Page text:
Similarly, Germany – which has a universal health insurance system so old that it does back to the days of Otto von Bismarck – provides universal coverage not through a single payer system but through a network of 1100 providers. Germany has two types of insurance: mandatory health insurance (“Gesetzliche Krankenversicherung”) and private health insurance (“Private Krankenversicherung”) for those who can afford and want to opt out of the public system, or are self-employed. Germany’s system is compulsory insurance is generally funded through joint employer-employee contributions. The unemployed are not left out, as their care is covered through the Sozialamt.
England and Germany are good examples of universal health systems that have evolved in their own way, and proof positive that not all universal systems must be “cookie cutter” in order to work. The important point is that, unlike in America, England and Germany’s citizens do not go bankrupt trying to pay for their health care costs. The provision of health care in either case is part of a social contract.
The Politics of Ultimatum
In the last several years the Teaparty wing of the Republican party has been practicing the politics of ultimatum. They’ve been doing this by attaching ultimatums to bills that are necessary to keep the government afloat, and which have never been the subject of controversy before. Bills like raising the debt ceiling and budgetary continuing resolutions. This kind of brinksmanship is designed to impose the will of the minority on the will of the majority, and is setting new precedents that may have bad repercussions in the future. If they succeed, every minority will want to start using them, and the gridlock that we now will become permanent and unyielding on both sides.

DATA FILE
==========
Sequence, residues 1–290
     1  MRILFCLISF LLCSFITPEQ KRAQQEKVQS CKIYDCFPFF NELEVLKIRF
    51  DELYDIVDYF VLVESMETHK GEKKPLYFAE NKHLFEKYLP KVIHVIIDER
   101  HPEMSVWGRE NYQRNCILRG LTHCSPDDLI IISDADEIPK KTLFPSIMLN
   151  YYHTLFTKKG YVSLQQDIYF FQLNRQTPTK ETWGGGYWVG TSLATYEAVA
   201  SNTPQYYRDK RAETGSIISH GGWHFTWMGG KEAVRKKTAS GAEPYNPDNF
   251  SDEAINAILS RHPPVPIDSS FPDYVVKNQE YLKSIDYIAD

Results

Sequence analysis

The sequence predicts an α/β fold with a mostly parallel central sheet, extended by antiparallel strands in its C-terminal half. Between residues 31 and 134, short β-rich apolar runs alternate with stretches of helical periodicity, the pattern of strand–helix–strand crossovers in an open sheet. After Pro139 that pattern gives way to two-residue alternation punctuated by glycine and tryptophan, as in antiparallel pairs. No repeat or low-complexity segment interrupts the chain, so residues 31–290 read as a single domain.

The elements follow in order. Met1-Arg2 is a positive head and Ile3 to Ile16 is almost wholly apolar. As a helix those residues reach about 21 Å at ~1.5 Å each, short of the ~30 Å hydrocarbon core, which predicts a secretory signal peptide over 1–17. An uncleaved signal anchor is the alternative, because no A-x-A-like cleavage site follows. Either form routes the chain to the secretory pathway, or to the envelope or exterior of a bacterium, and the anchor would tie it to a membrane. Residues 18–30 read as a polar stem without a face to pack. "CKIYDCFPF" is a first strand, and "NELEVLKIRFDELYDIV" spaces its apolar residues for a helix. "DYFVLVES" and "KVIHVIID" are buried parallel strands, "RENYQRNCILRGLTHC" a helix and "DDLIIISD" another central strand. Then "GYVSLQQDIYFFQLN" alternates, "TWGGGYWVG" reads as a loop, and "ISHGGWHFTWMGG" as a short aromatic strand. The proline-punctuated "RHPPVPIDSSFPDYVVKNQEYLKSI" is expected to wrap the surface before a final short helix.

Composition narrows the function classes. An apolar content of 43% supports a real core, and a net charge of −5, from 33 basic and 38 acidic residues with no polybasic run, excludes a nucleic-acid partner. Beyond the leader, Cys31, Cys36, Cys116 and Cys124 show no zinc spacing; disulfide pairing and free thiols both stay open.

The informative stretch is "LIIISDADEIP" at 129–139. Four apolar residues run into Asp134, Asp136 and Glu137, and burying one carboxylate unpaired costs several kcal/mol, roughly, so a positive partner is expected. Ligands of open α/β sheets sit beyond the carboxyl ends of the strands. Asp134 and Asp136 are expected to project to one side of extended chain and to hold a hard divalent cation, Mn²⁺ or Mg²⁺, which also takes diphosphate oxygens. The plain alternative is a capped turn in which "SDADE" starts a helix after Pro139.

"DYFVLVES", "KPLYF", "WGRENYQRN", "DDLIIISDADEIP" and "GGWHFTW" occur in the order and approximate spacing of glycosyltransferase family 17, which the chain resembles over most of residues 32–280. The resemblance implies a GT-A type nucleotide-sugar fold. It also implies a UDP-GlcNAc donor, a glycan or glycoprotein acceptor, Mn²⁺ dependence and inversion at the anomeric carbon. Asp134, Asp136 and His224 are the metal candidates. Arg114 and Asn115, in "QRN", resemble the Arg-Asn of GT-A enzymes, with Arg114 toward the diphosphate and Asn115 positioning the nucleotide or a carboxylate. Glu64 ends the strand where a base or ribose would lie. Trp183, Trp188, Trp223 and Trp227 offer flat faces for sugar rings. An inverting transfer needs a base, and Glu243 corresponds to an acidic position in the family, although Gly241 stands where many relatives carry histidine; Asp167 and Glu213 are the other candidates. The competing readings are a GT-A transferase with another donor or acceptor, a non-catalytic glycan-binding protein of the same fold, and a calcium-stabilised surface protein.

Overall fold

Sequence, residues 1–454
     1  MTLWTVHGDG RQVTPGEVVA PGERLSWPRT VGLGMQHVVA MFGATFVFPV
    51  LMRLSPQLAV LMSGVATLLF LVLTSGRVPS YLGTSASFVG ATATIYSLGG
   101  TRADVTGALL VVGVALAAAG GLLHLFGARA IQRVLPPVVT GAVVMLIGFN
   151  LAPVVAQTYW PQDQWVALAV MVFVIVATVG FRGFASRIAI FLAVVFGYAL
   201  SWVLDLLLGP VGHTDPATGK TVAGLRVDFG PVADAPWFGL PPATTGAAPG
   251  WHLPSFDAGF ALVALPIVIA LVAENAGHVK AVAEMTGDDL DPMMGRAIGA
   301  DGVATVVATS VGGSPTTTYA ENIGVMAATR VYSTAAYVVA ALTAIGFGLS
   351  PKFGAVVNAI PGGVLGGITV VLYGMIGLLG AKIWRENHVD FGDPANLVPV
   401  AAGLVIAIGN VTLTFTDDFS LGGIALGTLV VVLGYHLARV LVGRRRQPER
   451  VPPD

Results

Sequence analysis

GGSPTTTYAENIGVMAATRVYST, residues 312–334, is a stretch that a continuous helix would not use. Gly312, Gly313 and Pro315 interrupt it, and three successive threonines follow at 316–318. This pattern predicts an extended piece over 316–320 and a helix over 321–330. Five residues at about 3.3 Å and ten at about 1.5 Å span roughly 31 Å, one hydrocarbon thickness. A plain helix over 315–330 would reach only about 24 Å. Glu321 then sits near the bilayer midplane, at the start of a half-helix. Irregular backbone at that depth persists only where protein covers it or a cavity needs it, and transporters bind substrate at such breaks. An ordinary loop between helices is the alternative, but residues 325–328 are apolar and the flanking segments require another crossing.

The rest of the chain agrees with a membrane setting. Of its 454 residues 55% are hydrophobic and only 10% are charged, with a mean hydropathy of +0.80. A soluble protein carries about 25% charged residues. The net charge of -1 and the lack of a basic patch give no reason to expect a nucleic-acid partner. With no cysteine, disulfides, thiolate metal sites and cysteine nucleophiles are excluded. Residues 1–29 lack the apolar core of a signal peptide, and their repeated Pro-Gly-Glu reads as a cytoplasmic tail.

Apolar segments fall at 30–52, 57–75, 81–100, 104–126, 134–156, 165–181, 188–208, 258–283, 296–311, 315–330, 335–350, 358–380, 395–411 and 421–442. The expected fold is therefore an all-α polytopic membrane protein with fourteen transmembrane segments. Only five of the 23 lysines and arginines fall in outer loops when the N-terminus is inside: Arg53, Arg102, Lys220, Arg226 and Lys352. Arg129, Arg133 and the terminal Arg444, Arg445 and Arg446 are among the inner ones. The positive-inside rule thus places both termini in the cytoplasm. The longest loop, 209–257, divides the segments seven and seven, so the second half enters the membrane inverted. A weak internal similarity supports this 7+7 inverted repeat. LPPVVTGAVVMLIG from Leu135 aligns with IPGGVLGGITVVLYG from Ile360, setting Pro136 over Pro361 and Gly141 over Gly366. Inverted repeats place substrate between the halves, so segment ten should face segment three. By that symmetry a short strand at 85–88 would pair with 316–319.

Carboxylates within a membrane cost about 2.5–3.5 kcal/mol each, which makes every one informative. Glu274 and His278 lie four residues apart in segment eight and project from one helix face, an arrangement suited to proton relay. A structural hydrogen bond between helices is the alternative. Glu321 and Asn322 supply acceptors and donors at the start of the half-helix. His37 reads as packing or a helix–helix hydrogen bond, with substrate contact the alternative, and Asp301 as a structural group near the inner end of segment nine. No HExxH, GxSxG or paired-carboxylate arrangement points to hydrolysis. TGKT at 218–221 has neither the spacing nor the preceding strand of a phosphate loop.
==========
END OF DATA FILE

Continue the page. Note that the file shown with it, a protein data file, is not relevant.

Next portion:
The federal government was shut down once before when the Republican Congress forced the issue with President Clinton at the end of 1995. Their was a short shut-down of four days in mid-November and a second and longer shut down that lasted 24 days, from mid December 1995, through the beginning of January 1996, in a clash over the 1996 federal budget. It wasn’t an unmitigated disaster, but the shutdown definitely did not help the economy. It the federal government cannot raise its debt limit in mid-October, that could be an unmitigated disaster. It would call into question, for the first time in history, the full faith and credit of the United States. The world economic system is a house of cards, and in part it works because we trust in the promises that have been made. The United States’ full faith and credit is a major promise. Pull that card away, and the consequences are hard to predict.
The Republicans will want you to believe that this is just a normal negotiating tactic, that they’re just standing up for their principles. Don’t you believe it. Just as they turned the filibuster into a mockery of a once sensible process, these negotiating tactics are not normal, or conducive to achieving reasonable results. If you’re in a relationship with an alcoholic and you’re a co-dependent, the equation is not balanced. First, the alcoholic has to deal with the big problem: they have to stop drinking. Then the co-dependent can deal with their much smaller problem. Right now the Teaparty Republicans are like the alcoholics (and they’re tearing their own family apart); the Democrats, we’re the codependents, enabling this completely reckless behavior.